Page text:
remains the only man to move from a Chinese club to Northwich
Victoria, a fact I haven’t checked but simply must be
6. Peter and Kasper Schmeichel
Terrifying goal-repeller Peter was the greatest keeper in the
world in the 90s. So far Kasper has failed to make even the tiniest
dent into his Dad’s 129 caps for Denmark, but at the age of 25
there’s still time. Playing for the full national team would
obviously mean he’d have to fraternise with Nicklas Bendtner
though, something Schmeichel Sr would surely never approve of. It’s
easy to imagine Kasper deliberately levelling Nicklas with a
trademark star jump one night after training as his dad stands in
the background nodding approvingly, his red nose puncturing the
darkness. "Good work son," he’d say, "NOW you’re a Schmeichel."
7. Gordon and Gavin Strachan
When asked for a “quick word” in a post-match interview as manager
of Middlesbrough, Gordon Strachan once replied, sharp as a tack:
"Velocity." The wag. Sadly, velocity isn’t a word one would
associate with his son’s career, a man who knocked about the lower
and non-leagues before ending his playing days with a solitary
appearance for St Neots Town. Gordon fared much better, winning a
hatful of trophies both north and south of the border while
simultaneously managing to hone his range of witty broadsides.
8. Brian and Nigel Clough
Despite not learning to speak until the age of 14 because he
couldn’t get a word in edgeways, Nigel Clough managed to become the
second-highest scorer in Nottingham Forest’s history, usually with
his old man calling the shots from the dugout. Clough jr is now the
manager of Derby County, though it’ll be difficult for him to
emulate his dad’s success because winning back-to-back European
Cups just doesn’t happen anymore – especially not when you’ve got
Conor Sammon up front. Shame.
9. Johan and Jordi Cruyff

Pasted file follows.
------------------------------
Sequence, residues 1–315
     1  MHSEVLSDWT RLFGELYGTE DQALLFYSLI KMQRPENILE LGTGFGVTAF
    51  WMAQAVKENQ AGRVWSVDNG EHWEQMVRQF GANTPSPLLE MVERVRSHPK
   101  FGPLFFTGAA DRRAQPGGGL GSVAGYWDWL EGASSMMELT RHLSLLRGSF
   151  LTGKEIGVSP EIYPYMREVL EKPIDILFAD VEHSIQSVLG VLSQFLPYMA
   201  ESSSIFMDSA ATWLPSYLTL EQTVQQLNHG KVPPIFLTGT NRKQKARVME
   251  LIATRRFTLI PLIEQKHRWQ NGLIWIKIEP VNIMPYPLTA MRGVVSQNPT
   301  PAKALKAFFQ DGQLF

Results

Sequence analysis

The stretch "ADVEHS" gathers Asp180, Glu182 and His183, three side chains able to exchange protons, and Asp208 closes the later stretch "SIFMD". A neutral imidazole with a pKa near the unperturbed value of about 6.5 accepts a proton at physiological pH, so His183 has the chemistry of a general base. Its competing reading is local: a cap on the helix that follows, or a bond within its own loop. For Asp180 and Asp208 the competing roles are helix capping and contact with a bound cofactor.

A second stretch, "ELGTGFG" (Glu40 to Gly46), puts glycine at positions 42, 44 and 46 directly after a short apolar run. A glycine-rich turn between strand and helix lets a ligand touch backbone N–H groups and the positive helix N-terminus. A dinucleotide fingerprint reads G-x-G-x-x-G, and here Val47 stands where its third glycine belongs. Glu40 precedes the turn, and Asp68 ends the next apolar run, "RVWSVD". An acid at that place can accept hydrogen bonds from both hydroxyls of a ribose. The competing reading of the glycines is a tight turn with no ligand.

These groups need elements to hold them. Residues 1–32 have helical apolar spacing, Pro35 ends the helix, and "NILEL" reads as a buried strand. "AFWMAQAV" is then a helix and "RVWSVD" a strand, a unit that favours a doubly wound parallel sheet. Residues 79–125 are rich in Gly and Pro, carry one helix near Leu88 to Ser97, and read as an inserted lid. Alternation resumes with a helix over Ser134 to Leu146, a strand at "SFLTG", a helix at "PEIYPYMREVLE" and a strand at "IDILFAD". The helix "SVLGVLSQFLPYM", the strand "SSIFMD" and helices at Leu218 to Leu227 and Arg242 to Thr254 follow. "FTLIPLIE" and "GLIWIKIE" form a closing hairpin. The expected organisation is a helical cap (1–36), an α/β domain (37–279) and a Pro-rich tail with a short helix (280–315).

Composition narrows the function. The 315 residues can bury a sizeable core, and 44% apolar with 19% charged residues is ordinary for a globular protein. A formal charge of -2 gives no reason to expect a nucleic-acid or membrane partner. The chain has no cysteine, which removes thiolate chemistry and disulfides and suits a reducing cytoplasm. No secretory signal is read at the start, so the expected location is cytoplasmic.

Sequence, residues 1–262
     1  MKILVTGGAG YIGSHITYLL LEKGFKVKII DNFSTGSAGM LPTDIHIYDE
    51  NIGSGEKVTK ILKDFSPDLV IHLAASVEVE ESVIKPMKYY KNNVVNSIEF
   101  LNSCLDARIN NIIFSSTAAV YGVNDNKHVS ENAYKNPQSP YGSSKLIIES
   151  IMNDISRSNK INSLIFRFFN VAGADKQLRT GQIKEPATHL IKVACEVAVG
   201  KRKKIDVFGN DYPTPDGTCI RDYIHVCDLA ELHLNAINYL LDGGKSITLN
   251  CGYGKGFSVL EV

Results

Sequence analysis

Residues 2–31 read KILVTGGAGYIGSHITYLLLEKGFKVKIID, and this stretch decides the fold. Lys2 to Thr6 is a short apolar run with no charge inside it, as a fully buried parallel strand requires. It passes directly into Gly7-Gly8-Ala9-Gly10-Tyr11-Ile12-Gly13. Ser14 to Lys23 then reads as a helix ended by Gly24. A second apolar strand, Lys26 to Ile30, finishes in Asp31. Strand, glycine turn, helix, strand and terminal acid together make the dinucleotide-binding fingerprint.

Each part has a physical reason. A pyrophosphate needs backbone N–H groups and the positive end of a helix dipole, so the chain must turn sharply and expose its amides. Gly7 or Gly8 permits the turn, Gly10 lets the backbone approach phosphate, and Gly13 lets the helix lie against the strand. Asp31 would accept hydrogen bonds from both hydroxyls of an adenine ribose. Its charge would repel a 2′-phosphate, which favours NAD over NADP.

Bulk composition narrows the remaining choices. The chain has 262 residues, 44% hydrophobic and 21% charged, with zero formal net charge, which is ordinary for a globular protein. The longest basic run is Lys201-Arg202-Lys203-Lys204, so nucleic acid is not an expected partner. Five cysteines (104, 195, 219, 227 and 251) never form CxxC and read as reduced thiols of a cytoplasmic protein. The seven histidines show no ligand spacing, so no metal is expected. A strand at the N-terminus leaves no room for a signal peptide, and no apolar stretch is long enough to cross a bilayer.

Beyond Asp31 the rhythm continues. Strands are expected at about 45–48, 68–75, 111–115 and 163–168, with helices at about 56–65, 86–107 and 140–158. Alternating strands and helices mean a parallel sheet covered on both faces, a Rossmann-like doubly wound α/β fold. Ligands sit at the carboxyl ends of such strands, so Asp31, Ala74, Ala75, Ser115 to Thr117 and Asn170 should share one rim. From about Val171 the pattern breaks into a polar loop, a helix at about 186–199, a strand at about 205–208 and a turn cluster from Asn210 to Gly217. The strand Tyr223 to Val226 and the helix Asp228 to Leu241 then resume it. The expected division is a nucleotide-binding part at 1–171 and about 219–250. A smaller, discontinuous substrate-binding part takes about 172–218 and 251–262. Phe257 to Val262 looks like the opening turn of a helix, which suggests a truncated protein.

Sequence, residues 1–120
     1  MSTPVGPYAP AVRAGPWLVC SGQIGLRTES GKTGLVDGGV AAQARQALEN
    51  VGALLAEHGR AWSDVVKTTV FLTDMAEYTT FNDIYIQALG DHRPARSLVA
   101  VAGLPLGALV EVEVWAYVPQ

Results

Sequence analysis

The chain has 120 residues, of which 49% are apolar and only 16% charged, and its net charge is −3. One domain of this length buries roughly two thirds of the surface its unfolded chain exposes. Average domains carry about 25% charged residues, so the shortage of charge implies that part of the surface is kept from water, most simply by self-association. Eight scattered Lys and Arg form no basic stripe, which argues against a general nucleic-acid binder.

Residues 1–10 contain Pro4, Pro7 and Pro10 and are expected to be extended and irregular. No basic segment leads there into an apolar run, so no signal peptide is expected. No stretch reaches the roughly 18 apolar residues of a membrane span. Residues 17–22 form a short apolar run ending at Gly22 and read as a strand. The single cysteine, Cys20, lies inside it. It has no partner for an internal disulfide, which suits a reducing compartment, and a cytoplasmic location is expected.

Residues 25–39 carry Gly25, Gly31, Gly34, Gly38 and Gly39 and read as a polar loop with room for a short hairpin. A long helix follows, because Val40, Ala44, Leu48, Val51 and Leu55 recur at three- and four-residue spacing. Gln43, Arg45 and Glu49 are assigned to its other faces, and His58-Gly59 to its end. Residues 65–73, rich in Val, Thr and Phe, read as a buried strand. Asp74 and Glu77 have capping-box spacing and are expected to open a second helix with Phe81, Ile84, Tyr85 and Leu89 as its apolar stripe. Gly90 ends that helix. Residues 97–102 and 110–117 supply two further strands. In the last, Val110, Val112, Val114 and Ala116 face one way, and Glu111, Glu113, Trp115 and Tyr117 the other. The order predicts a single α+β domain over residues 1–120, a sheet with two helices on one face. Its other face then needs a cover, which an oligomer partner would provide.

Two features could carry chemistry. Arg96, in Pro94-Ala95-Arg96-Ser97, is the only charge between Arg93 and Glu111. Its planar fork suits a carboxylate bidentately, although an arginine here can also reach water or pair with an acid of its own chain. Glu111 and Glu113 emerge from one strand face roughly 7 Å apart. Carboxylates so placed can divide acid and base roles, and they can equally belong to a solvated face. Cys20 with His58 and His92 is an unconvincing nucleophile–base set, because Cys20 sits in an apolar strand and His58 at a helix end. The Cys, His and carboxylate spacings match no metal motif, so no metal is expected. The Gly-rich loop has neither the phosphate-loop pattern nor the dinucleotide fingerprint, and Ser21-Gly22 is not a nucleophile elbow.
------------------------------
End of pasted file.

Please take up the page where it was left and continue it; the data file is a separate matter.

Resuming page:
“It’s no good, I just can’t do it anymore! Why did you have to be
SO GOOD?” whimpered Jordi Cruyff to the man who sired him, tossing
his football boots into the sea after making his last appearance
for Valletta in the Maltese Premier League. To be fair to Jordi,
his career wasn’t too bad. A title winner with Manchester United,
he also racked up more than 50 appearances for Barcelona.
Unfortunately though, when your Dad has moved beyond footballer to
become a cultural touchpoint for a whole nation, that just doesn’t
cut it. Johan probably just laughed and carried on sucking his
lollipop before kicking sand in his tearful son’s face.
For more Movember-related musings, check out our
Moustachioed Legends XI.
How you can get involved
Prostate cancer affects one in nine
men in the UK – that means a man is diagnosed every 15
minutes. Each year the Movember Foundation encourages men to
grow moustaches during November and, in the process, raises
considerable amounts of money for charity.
As Prostate Cancer UK is the official charity partner of the
Football League, we want to make this football’s most successful
contribution to Movember ever.
We’ve created a team for each of the 72 Football League clubs on
the Movember website, so when you register you can start to grow a
Mo on behalf of the team you support. Here’s how:
1. Register at movember.com
2. Join your club’s team using the
search bar on the site
3. Ask your friends and family to
take part too
4. Get growing your moustache from 1
5. Encourage your friends and family
to support your efforts by donating money.
Best of luck!